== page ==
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Dorothea Rockburne: Works 1967-1972    Sep 7 - Oct 20, 2012

“C” Study for Scalar
Dorothea Rockburne
“C” Study for Scalar, 1970
 
  
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Craig F. Starr Gallery is pleased to present Dorothea Rockburne: Works 1967-1972. The show, which runs from September 7 to October 20, examines the artist’s early work in a variety of materials such as chipboard, crude oil, sheet metal, and paper.

On view are twenty-three examples of the artist’s early minimalist works – many of which have never been exhibited before. Highlights include Tropical Tan (1966-1967) and Studies for Scalar (1970). The former is a large construction of four three-by-eight-foot panels of creased black steel (also known as pig iron), spray-painted with a band of wrinkle finish paint called Tropical Tan, for which the piece is titled. The making of this monumental work, and observing the traces of the painting process on the paper, is what inspired Rockburne to return to drawing. The Studies for Scalar are preparation drawings for the work owned by The Museum of Modern Art. While Tropical Tan has been included in many exhibitions, including the recent retrospective at The Parrish Museum of Art, this is the first time the Studies for Scalar are available for public viewing.

The series Drawing Which Makes Itself began in 1971 and continued into 1973. In the examples exhibited here for the first time, 22 7/8 x 29 inch sheets of white Strathmore drawing paper are folded with varying degrees of force. The eleven drawings (all dating from 1972) are installed on white walls, which require the viewer to search for and actively experience the work. Rounding out the show are Silence I-V and Dark Silence I (1972). These intimately scaled collages measure only 5 ¾ x 4 inches each. The works in the Silence series are made from overlapping labels and other bits of stationery. Dark Silence I was similarly constructed, then folded and treated with tar – the result giving the work dimensionality and a relief-like quality.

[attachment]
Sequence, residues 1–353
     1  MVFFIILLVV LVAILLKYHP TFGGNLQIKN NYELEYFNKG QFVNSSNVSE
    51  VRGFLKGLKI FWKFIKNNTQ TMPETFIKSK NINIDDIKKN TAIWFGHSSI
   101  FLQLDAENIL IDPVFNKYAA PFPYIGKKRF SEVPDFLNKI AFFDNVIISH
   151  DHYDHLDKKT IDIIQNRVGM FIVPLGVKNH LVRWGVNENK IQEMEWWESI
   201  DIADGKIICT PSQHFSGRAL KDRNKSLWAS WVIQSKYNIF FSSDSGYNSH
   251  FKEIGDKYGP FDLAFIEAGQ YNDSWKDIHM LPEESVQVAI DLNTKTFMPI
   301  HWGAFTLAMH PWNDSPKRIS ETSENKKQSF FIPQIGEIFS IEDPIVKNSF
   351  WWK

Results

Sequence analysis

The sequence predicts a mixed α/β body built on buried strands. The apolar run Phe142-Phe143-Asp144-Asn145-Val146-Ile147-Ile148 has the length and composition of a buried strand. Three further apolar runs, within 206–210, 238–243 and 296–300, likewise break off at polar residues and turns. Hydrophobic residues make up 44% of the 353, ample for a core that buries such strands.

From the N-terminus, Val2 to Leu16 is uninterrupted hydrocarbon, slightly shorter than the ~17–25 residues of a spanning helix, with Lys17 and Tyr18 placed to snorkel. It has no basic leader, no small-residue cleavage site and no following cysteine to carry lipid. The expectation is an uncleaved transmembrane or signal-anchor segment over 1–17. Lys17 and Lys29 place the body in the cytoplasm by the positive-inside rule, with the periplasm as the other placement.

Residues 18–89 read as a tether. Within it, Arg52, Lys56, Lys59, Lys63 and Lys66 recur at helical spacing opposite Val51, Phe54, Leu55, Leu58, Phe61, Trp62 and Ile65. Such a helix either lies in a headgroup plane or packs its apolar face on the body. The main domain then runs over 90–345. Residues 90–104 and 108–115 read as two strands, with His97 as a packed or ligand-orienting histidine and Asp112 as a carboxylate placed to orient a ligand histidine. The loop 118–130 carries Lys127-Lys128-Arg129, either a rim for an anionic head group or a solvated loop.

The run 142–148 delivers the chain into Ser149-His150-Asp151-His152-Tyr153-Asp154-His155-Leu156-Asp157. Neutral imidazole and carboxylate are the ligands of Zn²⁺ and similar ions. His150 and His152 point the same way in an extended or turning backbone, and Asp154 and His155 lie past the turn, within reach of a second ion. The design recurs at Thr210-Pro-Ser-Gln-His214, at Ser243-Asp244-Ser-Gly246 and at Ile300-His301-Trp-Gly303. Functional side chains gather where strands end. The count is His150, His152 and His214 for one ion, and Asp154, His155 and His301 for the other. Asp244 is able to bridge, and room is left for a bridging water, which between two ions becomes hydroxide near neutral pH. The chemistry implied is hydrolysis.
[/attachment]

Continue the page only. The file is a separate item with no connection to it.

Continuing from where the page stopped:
An illustrated catalogue accompanies the exhibition with an essay by David Levi Strauss, author of From Head to Hand: Art and the Manual (Oxford University Press, 2010) and other works. He is chair of the MFA program in Art Criticism & Writing at the School of Visual Arts in New York.

Visit the Craig F. Starr Gallery website for more information on this exhibition

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